— by Rachael Mills
One of my favourite things to do throughout the festive season is to hop on Mumsnet to check out the Christmas conversations. They’re fascinating, funny, outrageous, and raw. The glimpse into how others ‘do’ Christmas and what it means to them gives much food for thought. Examining what we do and why at this time of year is helpful, especially when you have young ones watching your every move.
As with most families, our traditions are blended from what we remember enjoying as children. Light-spotting, Christmas movies, Santa Sacks filled with small bits and essentials for the year, larger gifts from family and friends under the tree. Some of our traditions are new, formed throughout our marriage – the Smith & Caughey window display at night with Starbucks Christmas coffees, checking out community-decorated trees at a local church, hiding an Elf each night for the kids to find. Traditions help mark the season, drawing our attention to the greater truths at the centre of the celebration. Traditions are also unique to each family, and draw us closer to each other as we draw closer to God.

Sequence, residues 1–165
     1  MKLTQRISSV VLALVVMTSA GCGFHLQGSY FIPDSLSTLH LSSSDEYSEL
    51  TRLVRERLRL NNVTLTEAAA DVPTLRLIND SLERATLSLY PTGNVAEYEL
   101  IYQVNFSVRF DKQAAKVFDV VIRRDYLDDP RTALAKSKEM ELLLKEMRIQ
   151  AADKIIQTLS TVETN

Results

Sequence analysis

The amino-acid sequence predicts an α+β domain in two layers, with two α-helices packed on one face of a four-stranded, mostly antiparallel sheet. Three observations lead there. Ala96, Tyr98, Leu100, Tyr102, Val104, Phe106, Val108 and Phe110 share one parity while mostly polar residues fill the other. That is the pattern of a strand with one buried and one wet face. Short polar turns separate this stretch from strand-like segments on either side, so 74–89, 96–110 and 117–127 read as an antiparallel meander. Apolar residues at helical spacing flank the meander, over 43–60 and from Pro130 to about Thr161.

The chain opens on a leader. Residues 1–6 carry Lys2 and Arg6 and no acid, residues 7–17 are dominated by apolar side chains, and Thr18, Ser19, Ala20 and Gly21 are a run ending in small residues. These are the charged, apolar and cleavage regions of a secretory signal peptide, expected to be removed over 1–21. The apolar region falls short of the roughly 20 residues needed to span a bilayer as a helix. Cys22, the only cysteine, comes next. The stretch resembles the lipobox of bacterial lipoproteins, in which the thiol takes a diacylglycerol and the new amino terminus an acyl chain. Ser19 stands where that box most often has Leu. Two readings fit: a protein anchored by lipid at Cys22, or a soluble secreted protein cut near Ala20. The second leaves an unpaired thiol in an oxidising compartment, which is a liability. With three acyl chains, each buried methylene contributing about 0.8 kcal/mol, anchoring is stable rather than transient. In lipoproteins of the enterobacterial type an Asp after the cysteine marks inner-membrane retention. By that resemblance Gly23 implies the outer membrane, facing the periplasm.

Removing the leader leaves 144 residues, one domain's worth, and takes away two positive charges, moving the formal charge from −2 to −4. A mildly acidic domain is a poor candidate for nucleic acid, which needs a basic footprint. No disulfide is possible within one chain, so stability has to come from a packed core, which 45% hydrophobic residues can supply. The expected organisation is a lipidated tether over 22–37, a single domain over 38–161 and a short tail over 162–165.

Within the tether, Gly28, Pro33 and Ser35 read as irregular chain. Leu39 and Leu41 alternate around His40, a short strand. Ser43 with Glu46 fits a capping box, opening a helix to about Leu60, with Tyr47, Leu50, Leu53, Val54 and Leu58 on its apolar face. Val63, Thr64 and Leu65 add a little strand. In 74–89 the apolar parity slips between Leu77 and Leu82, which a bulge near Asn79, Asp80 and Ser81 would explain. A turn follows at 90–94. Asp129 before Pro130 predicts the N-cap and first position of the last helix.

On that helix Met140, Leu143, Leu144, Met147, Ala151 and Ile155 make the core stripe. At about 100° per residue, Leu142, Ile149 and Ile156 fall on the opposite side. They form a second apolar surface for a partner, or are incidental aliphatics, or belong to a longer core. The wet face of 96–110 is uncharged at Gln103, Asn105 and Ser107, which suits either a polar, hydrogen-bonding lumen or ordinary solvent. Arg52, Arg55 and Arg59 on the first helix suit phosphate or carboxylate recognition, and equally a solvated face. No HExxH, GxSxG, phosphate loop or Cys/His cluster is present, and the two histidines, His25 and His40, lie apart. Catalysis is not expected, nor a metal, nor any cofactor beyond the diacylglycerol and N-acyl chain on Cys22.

And yet the world outside seeks to upsize our traditions, corporatize them into something we can buy and experience on a mass scale. There’s a focus on having and doing more. More presents for more people. More events, more pre-Christmas sales, more everything. I find it overwhelming. And if we’re not careful we can become distracted by the noise, caught up in making sure our children have the best Christmas we can give them. FOMO right? But what is actually often missed out is the small, humble first Christmas that was magical for the best reason – a Saviour born to us, to reconcile us to the One who loves us beyond all else. We forget too that children don’t need the bigness and the hype and the fifteen different events to have a great Christmas. What they desire is our time, affection, and small things done with great love.
So this year – thanks to a Mumsnet thread and my own desire to make sure the Christ is not missed in our Christmas – we’re going small. I have pared back what we do, making sure the events we go to contribute to what we want our Christmas to be. We’ve said no to a lot in order to say yes to what matters. Rather than letting December become dominated by the consumer-hype, we’ve filtered everything through our 3 priorities – faith; family; fun. And we’ve plotted in time for life-giving space, for quiet, for not shopping and planning and attending but simply being with each other and with God. And I feel like I can breathe without guilt over all I am not doing, which is the best feeling of all.